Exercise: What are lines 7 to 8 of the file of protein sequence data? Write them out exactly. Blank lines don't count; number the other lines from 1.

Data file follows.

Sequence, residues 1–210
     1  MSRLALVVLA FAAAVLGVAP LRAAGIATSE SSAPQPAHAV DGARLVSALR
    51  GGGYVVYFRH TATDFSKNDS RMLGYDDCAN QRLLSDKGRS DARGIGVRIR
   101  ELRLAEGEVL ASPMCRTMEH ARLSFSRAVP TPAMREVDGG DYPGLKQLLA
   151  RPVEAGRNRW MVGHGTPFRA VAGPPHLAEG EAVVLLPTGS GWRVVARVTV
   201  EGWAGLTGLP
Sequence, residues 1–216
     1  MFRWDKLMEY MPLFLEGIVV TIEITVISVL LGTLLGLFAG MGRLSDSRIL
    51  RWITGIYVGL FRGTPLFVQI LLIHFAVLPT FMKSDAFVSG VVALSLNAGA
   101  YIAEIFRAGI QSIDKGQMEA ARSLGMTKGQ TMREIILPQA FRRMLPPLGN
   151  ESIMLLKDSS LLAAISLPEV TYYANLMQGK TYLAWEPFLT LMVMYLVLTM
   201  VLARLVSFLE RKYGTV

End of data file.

Sequence, residues 1–216
     1  MFRWDKLMEY MPLFLEGIVV TIEITVISVL LGTLLGLFAG MGRLSDSRIL